Would a wartime diet help our waistlines?
By Lena on January 2, 2013
By 1939 the Second World War was underway and enemy u-boats targeted goods vessels bound for Great Britain hoping to weaken the home front. Food supplies were threatened and to help keep control of potentially dwindling provisions, rationing was introduced. But did food rationing also have a positive side that we could learn from now? Jasmine Phillips has tried and tested a Forties diet for a week. Here’s her verdict.
Endured by the British public for 14 years, food and fuel among other things were strictly limited, meaning that people were forced to eat less and walk or cycle to their destinations. Such thin, active women wore naturally small clothes and, as I was once told by a vintage dealer, there are now reams of beautiful but tiny vintage dresses to be found from the period.
He had picked up a number of these petite dresses over the years, but discovered, much to his dismay, that he simply could not display them in his shop; the reason, ‘None of my customers could fit into the dresses, and it just depressed them.’
In order to wear the dresses, should a true vintage queen adopt the lifestyle and eating habits of another era? Taking inspiration from the dietary transformations that the ration book necessitated, I began to actively consider if Forties living could be a sustainable way of life in these modern times.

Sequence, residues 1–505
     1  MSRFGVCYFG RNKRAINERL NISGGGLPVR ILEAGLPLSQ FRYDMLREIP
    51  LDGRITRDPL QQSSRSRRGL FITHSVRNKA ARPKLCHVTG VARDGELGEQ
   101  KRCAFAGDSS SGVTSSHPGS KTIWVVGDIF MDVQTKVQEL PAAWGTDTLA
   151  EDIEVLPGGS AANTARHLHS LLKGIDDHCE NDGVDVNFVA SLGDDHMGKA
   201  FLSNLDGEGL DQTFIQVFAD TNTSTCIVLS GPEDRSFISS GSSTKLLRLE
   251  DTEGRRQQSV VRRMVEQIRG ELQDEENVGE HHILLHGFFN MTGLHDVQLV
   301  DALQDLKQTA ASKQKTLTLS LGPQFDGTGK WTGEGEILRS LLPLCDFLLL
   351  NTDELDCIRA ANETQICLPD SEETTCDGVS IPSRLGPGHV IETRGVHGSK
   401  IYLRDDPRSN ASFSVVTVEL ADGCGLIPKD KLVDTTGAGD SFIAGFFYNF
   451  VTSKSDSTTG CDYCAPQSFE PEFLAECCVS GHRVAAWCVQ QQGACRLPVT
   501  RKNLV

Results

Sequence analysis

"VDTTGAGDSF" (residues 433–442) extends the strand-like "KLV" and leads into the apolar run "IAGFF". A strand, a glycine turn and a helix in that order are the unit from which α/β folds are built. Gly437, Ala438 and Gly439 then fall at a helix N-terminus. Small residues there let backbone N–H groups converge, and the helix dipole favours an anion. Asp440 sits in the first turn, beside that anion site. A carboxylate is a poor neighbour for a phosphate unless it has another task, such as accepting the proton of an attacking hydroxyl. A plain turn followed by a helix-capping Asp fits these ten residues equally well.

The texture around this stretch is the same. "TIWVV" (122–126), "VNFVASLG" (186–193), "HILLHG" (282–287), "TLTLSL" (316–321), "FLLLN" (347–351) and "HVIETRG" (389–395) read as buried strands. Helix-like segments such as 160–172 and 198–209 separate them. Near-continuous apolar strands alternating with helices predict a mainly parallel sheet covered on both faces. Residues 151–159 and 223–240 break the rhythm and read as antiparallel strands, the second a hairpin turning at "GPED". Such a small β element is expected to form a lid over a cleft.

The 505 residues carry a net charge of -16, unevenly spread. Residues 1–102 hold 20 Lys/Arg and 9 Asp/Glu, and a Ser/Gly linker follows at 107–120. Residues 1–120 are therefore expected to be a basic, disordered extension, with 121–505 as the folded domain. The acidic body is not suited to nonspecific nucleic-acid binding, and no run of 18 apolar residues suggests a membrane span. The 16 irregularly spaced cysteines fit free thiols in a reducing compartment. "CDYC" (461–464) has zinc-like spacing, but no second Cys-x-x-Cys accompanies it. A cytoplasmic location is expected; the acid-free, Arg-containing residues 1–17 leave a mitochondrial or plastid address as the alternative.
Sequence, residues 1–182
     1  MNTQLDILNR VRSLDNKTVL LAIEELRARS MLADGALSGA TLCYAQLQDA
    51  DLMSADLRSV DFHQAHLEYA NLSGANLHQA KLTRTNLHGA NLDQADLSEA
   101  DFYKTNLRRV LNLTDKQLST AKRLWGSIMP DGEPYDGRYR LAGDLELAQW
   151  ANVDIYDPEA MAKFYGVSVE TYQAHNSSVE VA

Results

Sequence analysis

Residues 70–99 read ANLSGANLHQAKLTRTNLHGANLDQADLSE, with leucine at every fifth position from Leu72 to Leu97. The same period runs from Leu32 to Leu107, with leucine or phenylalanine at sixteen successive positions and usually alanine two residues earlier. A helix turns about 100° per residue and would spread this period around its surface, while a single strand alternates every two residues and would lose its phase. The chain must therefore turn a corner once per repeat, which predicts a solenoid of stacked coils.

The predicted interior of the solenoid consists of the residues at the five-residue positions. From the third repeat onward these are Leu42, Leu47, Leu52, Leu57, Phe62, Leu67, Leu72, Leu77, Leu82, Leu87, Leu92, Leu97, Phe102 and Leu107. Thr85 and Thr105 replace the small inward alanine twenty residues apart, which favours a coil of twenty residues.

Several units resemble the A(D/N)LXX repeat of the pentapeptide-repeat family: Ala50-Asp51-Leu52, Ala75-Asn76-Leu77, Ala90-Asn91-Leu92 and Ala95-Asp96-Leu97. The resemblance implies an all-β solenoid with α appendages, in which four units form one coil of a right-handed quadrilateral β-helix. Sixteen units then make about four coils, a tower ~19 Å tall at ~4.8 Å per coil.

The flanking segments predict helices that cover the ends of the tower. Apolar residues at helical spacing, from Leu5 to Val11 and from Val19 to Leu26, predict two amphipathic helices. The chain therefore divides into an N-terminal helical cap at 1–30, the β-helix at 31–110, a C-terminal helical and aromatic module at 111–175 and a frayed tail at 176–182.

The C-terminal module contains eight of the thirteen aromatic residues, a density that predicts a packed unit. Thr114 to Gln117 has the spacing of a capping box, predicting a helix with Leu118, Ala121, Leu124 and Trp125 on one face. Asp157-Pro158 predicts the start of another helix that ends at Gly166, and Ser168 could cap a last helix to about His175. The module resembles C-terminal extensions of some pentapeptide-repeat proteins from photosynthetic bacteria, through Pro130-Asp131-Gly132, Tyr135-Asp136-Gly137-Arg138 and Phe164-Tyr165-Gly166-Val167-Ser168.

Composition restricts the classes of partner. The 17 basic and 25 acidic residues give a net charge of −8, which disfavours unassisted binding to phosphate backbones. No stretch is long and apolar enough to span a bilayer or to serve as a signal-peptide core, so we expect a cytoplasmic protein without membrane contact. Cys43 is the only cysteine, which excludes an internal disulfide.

The ration book was very strict about what your allowance was, and a significant number of staple food items were regulated. Every individual was issued with one alongside an ID card, and in turn had to be registered to a specific shop so that the shop keeper could order in exactly the amount needed for the number of customers they had.
Even the shop keepers were frugal with their stock. Your allowance of these items would have varied slightly throughout the war depending on what was available, but I took figures from 1945 and, while perusing my local supermarket, worked out that in today’s terms you would be allocated on a weekly basis the equivalent of:
2 Rashers of Bacon
Any Meat to the value of £2 (meat was rationed in monetary terms)
57g Cheese (1/3 small block)
57g Butter (1/3 packet)
57g Cooking Fat/Lard
57g Tea (15 bags)
230g Sugar (1/2 small bag)
One jar of jam per month
340g of sweets per month